I owe it to my friends Sonya Tateosian and Wendy Cox for making me aware of this opportunity, encouraging me and enabling me to create some traction in this industry. They told me that not only were production companies willing to pay for house calls for sick cast or crew members, but they also needed to have insurance medical exams completed for the actors and directors before shooting could commence. Productions also occasionally needed a physician to review scripts and sets for medical accuracy. It was immediately clear that I had found a new niche. Thankfully, Wendy was the Unit Production Manager for several films that year, which allowed me to cut my teeth as a vendor in this business. They also occasionally needed a physician to review scripts and sets for medical accuracy.

In the decade since, we have built working relationships within the motion picture, television and entertainment insurance industries. Most of our work has been in Massachusetts and New England and have had the honor of providing medical care and consulting to well over 100 productions based in multiple states and countries. In addition to a house-call-style of medicine, we have introduced online and mobile capabilities such as telemedicine to better serve this industry with even greater access, cost-effectiveness and convenience.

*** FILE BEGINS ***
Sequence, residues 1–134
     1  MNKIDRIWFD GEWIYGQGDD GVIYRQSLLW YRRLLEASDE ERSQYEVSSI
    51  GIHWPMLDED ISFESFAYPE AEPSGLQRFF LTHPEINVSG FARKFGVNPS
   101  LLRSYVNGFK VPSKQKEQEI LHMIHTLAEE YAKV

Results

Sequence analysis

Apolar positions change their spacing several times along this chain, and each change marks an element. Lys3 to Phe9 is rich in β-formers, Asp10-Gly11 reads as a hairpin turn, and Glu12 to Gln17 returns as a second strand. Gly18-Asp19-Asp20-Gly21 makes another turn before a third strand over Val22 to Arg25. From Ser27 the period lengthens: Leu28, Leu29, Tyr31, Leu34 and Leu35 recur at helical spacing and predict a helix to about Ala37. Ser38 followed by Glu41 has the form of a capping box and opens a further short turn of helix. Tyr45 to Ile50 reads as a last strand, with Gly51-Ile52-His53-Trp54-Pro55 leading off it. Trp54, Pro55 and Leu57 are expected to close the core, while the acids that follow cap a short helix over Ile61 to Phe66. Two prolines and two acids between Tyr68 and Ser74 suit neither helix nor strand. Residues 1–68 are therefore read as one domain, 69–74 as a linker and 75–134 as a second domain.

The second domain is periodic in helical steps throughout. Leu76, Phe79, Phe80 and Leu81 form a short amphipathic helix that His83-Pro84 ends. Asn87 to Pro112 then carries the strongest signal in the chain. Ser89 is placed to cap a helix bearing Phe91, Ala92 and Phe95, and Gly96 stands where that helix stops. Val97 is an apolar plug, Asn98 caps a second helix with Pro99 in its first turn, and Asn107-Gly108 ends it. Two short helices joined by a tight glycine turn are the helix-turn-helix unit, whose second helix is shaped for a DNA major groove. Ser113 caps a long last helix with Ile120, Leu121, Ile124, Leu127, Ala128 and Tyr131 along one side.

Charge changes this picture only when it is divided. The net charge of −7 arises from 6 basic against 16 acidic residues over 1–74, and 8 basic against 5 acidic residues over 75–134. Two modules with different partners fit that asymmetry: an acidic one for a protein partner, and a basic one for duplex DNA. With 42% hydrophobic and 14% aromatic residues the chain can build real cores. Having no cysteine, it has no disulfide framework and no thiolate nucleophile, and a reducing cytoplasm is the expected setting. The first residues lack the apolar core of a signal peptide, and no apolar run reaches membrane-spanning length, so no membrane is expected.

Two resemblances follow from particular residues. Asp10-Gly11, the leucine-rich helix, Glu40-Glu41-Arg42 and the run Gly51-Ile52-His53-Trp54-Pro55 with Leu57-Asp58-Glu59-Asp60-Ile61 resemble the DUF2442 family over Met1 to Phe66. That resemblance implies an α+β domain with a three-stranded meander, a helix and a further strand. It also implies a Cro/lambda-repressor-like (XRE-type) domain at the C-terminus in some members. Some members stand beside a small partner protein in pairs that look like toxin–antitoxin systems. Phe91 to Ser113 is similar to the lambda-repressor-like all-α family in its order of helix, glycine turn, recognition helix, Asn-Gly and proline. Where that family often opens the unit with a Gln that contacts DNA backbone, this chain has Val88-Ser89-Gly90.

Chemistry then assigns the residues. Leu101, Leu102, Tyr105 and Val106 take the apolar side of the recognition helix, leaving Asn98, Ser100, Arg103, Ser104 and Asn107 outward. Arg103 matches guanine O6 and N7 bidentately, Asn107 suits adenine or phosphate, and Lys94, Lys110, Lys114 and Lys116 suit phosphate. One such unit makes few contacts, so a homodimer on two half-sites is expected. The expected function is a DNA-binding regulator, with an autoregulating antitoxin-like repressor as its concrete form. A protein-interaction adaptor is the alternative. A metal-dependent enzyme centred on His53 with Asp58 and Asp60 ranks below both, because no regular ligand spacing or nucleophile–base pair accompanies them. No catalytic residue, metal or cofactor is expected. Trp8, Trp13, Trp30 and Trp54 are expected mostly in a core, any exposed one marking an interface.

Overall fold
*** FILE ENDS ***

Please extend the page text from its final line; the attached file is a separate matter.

Overall, has it been relatively smooth? If not, what were some of the struggles along the way?
State legislation proposals frequently threaten the future of Massachusetts as an attractive place to make film and television productions. Our business, and that of the many small businesses that support this industry, are understandably impacted by these proposals. The maturation and ongoing success of these small businesses have helped attract new productions to the state and have created countless freelance and union jobs for people in Massachusetts. I regularly write letters to my legislators and have made visits to their state house offices to speak out against legislation that threatens this growing industry.

Please tell us about setMD.
setMD is a service of RemoteCare Solutions, LLC. We specialize in serving the health and wellness needs of the motion picture and television industry through a concierge-style healthcare service that combines the personalized care of old-fashioned doctor house calls with the convenience and affordability of mobile and online care options. We understand the need for responsiveness in a highly time-sensitive work environment, the need for maintaining professionalism, the utmost protection of privacy, and the maintenance of a world-class specialist and alternative health practitioner referral base. Unlike other house call or telemedicine services, we work exclusively with the film and television industry.